Review Summary: This album is like heroin. No, this album IS heroin.
Red Harvest are a band of Norwegians playing dark metal, which is dubbed industrial. But it's definitely no Static X-like industrial, neither is it Strapping Young Lad-like industrial. It's dark, and I mean as dark as industrial can get. This album was a novelty to me, as I had never heard this beautiful kind of music before. A Greater Darkness
is neither about ingenious tempo-changes, nor elaborate technicality, it's purely about mood and atmosphere. Imagine working in a dark cyborg factory 10 hours a day, and when you finish and get out, being greeted by vast, desolate fields of rusted metal containers under the vermilion setting sun, with the air being chilly and moist. This is just one of the ways to try and put this album's atmosphere in words, but it'll probably fail miserably anyway.
Probably the biggest asset of this record is its variety and intertwining heaviness and atmosphere. Vocal-wise, there is a weird kind of neither-screaming-nor-growling employed, which sounds very dry, raw and excellent. The vocalist also shows off his soothing baritone here and there, to a great effect too. The tracks are aligned in an alternating way, so that the heavy/non-heavy variety is more pronounced. Every single song on A Greater Darkness
is great, so most of your listens will probably encompass the album's entirety. "Antidote" is a heavy song built around a single simplistic yet genius riff, "Hole In Me" is a hypnotizing ballad and one of the album's strongest points, the next two songs are a heavy and dramatic assault-oriented ones, you also get three entirely electronical songs which make use of strings and even symphony, they fill in extremely well and bring about a "back to the womb"-like atmosphere. The music sounds very matter-of-fact in general, it's completely devoid of any cheer, but neither is it sad in the commonly accepted sense of the word. It simply puts you in lethargy and makes you contemplate nothingness - perhaps you could think of it as of a softer, more electronized and less technical "Shed" by Meshuggah.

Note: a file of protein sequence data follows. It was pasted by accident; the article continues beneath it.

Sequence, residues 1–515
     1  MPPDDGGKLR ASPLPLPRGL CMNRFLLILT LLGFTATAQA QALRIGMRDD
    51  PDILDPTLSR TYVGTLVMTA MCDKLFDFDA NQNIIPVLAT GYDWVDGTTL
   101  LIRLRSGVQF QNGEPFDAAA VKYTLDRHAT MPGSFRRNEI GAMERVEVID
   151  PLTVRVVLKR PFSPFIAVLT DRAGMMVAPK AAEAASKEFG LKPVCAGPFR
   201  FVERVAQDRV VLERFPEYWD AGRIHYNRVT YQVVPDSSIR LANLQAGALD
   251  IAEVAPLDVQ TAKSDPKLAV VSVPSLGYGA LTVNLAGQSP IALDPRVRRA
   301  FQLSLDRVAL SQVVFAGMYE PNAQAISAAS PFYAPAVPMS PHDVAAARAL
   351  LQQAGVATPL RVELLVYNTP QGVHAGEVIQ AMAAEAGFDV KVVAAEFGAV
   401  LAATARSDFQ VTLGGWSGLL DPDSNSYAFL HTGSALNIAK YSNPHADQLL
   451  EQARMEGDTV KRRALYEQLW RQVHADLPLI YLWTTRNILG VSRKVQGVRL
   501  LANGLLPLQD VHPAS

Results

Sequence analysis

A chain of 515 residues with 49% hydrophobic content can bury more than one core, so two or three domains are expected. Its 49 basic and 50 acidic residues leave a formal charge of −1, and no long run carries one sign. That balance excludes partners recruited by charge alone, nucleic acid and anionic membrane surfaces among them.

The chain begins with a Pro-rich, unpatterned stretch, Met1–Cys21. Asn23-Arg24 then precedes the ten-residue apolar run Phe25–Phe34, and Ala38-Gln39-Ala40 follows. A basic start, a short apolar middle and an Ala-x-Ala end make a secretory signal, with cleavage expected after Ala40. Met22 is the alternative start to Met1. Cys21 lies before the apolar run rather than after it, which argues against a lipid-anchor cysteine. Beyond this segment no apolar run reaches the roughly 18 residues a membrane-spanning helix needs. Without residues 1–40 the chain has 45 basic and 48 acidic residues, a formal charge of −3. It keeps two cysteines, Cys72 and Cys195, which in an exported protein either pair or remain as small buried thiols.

Another strong point of this album are its lyrics. Not excessively poetical, yet still very, very far from banal. And they carry a powerful message which could be interpreted as a warning for humanity not to take things too far, or we'll just end up annihilated. Bits like "Darth Vader rules the Vatican" filled me with an instant burst of admiration for their lyricist, which was only perpetuated by the sublime poetry of "Hole in Me". You really need to read the lyrics for that one, they're just incredible.
I'm a melomaniac who appreciates most forms of music, but this album isn't for everybody. If you prefer groove and happiness, better give this album a pass. But on the other hand, the lack of these cannot be counted as a con of this work, as this was simply not the writers' purpose. This album takes you on a journey through realms of wonder, lethargy and uncertainty. Highly recommended for fans of science-fiction movie scores and anything that has an industrial vibe, as well as those that take music very emotionally and are subject to its mood-changing properties.
Pros of this album:
- Very, very atmospheric
- The vocals, especially the cleans, but the harshes lack nothing too
- Overall thematic integrity, but not without variance
- A fragment of Adolf Hitler's speech in the song "Warthemes" ;)
Cons of this album:
- Cannot think of any. The album can put you in a lax, meditational state, though, and that may make you doze off. Could be considered a con, duh.